Newsletter – September 2019

Back to School is here which means back to a routine for many, and Business as usual for others. Here a the Chamber office we are busy planning fall events.

We NEED your help. Please consider nominating a well deserved candidate for our Awards of Excellence. The nomination form below to tell us about the great things happening around town.

Another way to help us recognize the great things happening in and around Ingersoll is the Positive Post Campaign. On September 15th we will be randomly selecting a winner of a $500 shopping spree at Tremblett’s Independent.  You can win by simply posting a positive comment about a product or service you received by a local business with #positivepost and tag the Ingersoll District Chamber of Commerce.
Save the date in your calendars for our Awards of Excellence on October 17th, I hope to see you there!
Tammy Jeffery-Larder
President

The Ontario Chamber of Commerce is proud to announce GoodLife Founder & CEO David 'Patch' Patchell-Evans as the 2019 Lifetime Achievement Award recipient at the Ontario Business Achievement Awards (OBAAs) being held on Thursday, November 14 at the Beanfield Centre in Toronto.

The OBAAs are the most recognized industry gala in the province focused on celebrating business success. Award recipients exemplify why Ontario is the best place to live, work, and do business. Each award recipient is selected by a panel of judges whose background and experience provide the needed independence to select award recipients that epitomize the spirit of the OBAA categories.

The OBAA Lifetime Achievement Award is given to a proven achiever and strong contributor to Ontario's economy; a pioneer in their defined business industry who has had a positive impact on the province.

"We are pleased to announce David 'Patch' Patchell-Evans, Founder and CEO of GoodLife Fitness as the recipient of the Lifetime Achievement Award at this year's Ontario Business Achievement Awards," said Rocco Rossi, president and CEO of the Ontario Chamber of Commerce. "This award is given to an individual who demonstrates leadership in an Ontario industry that has a significant positive impact for the province and beyond. Over the last 40 years, Patch's hard work, dedication and innovation have helped to grow GoodLife to over 12,000 employees and 1.5 million members. His business acumen and ongoing service within the community has and will continue to positively impact the lives of Canadians."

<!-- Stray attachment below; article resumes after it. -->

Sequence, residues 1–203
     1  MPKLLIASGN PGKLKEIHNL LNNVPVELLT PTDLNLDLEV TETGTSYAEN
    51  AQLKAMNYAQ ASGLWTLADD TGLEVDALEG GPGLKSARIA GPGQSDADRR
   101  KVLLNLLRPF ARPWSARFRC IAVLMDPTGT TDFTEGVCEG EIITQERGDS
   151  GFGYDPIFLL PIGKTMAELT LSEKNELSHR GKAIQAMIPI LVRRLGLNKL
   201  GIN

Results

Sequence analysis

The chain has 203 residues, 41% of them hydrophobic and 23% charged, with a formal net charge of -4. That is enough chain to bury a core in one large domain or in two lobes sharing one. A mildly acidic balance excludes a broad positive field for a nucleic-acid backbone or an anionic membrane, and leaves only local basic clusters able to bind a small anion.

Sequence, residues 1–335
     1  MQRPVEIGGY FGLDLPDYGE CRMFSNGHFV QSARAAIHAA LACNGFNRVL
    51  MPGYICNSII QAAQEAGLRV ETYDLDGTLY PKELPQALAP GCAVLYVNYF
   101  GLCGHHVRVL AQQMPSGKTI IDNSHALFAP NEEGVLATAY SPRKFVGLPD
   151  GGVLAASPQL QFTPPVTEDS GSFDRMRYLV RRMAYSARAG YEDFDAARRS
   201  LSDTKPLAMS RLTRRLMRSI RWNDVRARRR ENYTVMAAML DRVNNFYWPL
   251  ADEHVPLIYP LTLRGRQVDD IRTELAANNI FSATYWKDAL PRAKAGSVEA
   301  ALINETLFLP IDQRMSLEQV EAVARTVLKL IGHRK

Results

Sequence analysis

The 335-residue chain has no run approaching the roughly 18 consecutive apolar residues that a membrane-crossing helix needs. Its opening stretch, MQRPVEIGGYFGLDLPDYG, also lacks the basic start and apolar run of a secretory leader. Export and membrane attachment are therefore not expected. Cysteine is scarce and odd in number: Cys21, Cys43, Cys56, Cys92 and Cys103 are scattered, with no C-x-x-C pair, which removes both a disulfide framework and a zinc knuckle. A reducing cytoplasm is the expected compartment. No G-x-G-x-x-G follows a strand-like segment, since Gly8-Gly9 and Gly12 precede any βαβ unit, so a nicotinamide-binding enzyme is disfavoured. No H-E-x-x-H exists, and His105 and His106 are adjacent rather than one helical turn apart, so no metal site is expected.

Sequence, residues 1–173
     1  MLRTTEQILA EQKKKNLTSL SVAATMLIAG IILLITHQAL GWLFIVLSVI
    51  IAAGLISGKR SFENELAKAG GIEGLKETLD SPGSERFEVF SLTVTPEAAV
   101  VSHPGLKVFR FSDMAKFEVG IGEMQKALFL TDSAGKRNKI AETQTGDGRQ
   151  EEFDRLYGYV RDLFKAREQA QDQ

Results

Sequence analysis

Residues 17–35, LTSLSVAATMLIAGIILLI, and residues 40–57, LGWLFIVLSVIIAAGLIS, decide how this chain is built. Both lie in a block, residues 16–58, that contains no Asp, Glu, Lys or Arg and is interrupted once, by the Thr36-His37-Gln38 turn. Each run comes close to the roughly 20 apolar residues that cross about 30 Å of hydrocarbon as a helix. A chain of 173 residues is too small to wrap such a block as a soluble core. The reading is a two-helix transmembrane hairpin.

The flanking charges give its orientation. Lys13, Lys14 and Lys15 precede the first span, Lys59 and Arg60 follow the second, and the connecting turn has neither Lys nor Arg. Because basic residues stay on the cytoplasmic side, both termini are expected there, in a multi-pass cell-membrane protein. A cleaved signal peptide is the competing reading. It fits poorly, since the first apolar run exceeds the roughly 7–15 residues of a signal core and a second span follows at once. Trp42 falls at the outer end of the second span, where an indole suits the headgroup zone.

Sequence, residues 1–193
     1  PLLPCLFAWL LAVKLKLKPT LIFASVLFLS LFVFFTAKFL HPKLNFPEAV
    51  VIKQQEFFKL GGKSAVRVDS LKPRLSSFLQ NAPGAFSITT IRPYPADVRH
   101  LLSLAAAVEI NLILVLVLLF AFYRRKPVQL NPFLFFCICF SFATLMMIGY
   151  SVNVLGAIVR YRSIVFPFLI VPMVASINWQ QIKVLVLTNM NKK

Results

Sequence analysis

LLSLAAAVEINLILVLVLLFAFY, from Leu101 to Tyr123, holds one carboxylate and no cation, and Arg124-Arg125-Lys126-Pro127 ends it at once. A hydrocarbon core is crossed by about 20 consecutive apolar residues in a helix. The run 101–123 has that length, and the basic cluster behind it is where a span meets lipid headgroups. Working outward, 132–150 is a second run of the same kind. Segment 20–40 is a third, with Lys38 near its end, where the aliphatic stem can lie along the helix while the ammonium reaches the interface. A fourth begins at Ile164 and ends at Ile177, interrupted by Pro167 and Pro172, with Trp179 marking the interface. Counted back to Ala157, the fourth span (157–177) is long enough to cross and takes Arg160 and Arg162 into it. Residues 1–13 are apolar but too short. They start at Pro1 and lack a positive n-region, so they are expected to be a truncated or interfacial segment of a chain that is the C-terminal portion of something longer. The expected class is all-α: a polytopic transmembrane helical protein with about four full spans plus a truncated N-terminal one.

From the purchase of his first club in 1979, Patch has built the largest chain of fitness clubs in Canada; the fourth largest in the world; and the largest in the world owned by a single individual, with over 400 clubs across the country. In 1993, with a focus on bringing education and legitimacy to the fitness industry, Patch founded Toronto-based canfitpro. It is now Canada's largest fitness education organization with over 24,000 members.
Patchell-Evans was initially speechless upon receiving the news directly from Rossi which, for anyone who knows Patch, is quite the feat for the animated and passionate entrepreneur.

After having time to reflect, of this honour Patch said, "I believe everyone has a birthright to be healthy. To live long. To feel good. To have energy. To have vitality. I've made it my life's work to help people believe in themselves, help people believe in their own capabilities. From the bottom of my heart, thank you for recognizing my capabilities and thank you for honouring me with the recognition of my life's work. Ontario is where GoodLife started 40 years ago this year. I bought my very first club in London. It's where our home office is. Today, Ontario is home to 225 GoodLife and Fit4Less clubs and over 750,000 members. Ontarians have always been exceptionally passionate about their fitness and health, whether it's our 8,224 associates or our members. That passion has given me the platform to grow the company and help people not just across our great country, but across the globe."

Patch has given over $25 million to various non-profits across Canada. In 2007, he was awarded the Canadian Medical Association Medal of Honour for contributions to Autism treatment and research. In 2012, GoodLife Fitness pledged $5 million to the Peter Munk Cardiac Centre at University Health Network, establishing the first-of-its-kind private/public collaboration to help the estimated 1.3 million Canadians suffering from heart disease.